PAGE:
On the evolution of the velocity-mass-size relations of disc-dominated galaxies over the past 10 billion years

Aaron A.Dutton van den Bosch, Sandra M. Faber, Luc Simard, Susan A. Kassin, David C. Koo, Kevin Bundy, Jiasheng Huang, Benjamin J. Weiner, Michael C. Cooper, Jeffrey A. Newman, Mark Mozena, Anton M. Koekemoer

Research output: Contribution to journalArticlepeer-review

75 Scopus citations


We study the evolution of the scaling relations between the maximum circular velocity, stellar mass and optical half-light radius of star-forming disc-dominated galaxies in the context of Λ cold dark matter-based galaxy formation models. Using data from the literature combined with new data from the Deep Extragalactic Evolutionary Probe 2 (DEEP2) and All-wavelength Extended Groth Strip International Survey (AEGIS) surveys, we show that there is a consistent picture for the evolution of these scaling relations from z ~ 2 to z = 0, both observationally and theoretically. The evolution of the observed stellar scaling relations is weaker than that of the virial scaling relations of dark matter haloes, which can be reproduced, both qualitatively and quantitatively, with a simple, cosmologically motivated model for disc evolution inside growing Navarro-Frenk-White dark matter haloes. In this model optical half-light radii are smaller, both at fixed stellar mass and at maximum circular velocity, at higher redshifts. This model also predicts that the scaling relations between baryonic quantities (baryonic mass, baryonic half-mass radii and maximum circular velocity) evolve even more weakly than the corresponding stellar relations.We emphasize, though, that this weak evolution does not imply that individual galaxies evolve weakly. On the contrary, individual galaxies grow strongly in mass, size and velocity but in such a way that they move largely along the scaling relations. Finally, recent observations have claimed surprisingly large sizes for a number of star-forming disc galaxies at z ~ 2, which has caused some authors to suggest that high-redshift disc galaxies have abnormally high spin parameters. However, we argue that the disc scalelengths in question have been systematically overestimated by a factor of ~2 and that there is an offset of a factor of ~1.4 between Hα sizes and optical sizes. Taking these effects into account, there is no indication that star-forming galaxies at high redshifts (z ~ 2) have abnormally high spin parameters.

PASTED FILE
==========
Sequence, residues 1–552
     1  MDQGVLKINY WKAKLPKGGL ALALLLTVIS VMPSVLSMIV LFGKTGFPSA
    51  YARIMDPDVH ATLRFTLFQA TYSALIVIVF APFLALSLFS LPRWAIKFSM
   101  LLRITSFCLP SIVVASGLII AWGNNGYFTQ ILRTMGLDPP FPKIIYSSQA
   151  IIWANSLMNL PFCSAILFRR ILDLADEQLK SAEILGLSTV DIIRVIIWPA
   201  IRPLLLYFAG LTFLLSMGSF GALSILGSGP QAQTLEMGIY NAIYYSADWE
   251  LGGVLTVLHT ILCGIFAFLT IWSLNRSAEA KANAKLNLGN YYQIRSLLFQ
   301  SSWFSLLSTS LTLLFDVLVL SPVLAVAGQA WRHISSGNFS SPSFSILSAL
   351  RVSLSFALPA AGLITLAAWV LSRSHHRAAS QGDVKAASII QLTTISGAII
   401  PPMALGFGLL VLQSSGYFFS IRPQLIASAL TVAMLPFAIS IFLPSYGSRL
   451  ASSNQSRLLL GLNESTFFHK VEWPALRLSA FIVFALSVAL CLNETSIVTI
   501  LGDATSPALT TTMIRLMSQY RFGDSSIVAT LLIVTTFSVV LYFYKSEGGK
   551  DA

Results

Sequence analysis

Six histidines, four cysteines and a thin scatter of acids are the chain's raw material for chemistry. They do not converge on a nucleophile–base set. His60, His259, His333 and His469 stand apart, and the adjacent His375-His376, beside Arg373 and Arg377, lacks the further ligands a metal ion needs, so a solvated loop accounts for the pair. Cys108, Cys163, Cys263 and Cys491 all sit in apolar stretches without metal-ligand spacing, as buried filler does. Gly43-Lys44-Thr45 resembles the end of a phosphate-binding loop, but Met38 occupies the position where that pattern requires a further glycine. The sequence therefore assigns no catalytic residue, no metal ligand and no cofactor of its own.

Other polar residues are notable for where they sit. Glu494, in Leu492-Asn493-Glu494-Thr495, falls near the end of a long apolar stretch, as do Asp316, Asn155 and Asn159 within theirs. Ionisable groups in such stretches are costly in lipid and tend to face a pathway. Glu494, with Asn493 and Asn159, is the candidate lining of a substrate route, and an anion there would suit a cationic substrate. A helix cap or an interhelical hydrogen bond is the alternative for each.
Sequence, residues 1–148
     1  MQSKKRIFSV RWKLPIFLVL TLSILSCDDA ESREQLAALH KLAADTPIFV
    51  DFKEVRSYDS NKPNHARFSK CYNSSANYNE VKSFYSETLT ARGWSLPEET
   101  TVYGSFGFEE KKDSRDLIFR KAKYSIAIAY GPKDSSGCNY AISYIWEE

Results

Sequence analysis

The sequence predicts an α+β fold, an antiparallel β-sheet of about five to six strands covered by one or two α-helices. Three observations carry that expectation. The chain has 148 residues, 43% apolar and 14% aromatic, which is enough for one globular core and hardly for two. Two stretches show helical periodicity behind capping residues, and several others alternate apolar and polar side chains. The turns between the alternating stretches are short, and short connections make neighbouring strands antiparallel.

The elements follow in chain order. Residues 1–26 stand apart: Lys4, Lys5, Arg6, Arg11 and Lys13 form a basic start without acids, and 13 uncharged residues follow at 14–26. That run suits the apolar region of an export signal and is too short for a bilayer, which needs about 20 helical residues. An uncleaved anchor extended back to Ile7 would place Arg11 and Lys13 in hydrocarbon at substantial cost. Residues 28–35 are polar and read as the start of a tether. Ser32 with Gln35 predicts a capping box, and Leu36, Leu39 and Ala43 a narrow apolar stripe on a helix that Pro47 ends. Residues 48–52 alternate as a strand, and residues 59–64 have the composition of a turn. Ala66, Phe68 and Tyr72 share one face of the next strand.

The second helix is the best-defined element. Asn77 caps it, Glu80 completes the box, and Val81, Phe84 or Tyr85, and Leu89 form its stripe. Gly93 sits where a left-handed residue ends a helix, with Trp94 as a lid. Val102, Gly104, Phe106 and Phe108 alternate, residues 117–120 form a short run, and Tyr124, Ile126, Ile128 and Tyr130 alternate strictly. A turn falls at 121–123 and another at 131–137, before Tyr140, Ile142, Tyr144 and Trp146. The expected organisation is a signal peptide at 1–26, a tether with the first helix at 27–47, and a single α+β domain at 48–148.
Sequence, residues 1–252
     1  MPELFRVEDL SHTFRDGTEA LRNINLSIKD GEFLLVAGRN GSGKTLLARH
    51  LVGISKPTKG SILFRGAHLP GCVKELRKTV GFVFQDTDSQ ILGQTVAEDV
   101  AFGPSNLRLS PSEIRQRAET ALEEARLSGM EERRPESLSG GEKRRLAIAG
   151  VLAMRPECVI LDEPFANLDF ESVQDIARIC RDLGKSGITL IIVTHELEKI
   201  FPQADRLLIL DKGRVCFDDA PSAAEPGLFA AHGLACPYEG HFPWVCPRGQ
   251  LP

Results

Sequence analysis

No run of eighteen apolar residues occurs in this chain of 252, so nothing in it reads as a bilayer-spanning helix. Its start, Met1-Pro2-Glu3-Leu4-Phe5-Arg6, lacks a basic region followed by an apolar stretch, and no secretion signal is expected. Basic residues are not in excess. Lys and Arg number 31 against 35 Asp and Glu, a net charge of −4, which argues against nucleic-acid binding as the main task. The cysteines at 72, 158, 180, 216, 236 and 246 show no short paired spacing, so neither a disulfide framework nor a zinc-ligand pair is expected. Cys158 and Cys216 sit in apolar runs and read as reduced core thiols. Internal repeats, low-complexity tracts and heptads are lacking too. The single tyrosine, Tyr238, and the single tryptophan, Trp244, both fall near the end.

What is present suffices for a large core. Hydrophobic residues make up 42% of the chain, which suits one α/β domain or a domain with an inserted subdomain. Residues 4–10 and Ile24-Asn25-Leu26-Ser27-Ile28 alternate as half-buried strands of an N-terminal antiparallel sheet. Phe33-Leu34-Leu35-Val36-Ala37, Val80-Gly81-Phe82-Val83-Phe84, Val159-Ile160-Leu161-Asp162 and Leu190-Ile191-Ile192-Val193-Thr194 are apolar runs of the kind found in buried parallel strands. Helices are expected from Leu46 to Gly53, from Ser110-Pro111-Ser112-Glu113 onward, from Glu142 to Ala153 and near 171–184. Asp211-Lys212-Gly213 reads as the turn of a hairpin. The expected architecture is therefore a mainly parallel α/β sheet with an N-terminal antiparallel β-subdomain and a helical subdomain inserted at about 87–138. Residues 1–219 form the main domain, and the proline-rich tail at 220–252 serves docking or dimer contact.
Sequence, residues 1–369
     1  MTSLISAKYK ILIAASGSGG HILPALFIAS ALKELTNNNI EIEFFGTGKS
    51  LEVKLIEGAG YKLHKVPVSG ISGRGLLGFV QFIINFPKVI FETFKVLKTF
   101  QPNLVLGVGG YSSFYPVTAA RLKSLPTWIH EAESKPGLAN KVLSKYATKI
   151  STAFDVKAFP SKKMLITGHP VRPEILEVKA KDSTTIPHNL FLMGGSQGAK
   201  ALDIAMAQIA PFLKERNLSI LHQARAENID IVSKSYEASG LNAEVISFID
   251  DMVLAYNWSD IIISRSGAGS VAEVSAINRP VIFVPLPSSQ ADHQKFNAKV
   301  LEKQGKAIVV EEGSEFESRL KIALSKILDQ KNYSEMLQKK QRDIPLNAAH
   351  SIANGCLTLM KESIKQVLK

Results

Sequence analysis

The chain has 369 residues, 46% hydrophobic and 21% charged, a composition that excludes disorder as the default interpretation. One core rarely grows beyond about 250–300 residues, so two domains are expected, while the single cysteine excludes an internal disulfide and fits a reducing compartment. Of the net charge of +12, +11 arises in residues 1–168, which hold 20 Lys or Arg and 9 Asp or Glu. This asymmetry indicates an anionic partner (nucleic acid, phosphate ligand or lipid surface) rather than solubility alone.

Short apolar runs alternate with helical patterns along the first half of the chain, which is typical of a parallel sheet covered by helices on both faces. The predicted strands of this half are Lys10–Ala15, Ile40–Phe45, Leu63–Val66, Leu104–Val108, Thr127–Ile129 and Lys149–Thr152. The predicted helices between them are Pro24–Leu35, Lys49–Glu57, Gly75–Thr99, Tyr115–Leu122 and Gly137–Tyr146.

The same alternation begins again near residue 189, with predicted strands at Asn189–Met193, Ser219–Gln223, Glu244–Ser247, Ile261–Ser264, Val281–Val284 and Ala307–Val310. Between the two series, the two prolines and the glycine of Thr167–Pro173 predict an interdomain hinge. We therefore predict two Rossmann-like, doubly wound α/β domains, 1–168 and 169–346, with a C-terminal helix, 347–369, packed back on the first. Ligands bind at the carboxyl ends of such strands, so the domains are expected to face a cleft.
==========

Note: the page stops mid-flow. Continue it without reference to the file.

Original languageEnglish (US)
Pages (from-to)1660-1676
Number of pages17
JournalMonthly Notices of the Royal Astronomical Society
Issue number3
StatePublished - Jan 2011


  • Galaxies: evolution
  • Galaxies: formation
  • Galaxies: fundamental parameters
  • Galaxies: haloes
  • Galaxies: high-redshift
  • Galaxies: spiral

ASJC Scopus subject areas

  • Astronomy and Astrophysics
  • Space and Planetary Science


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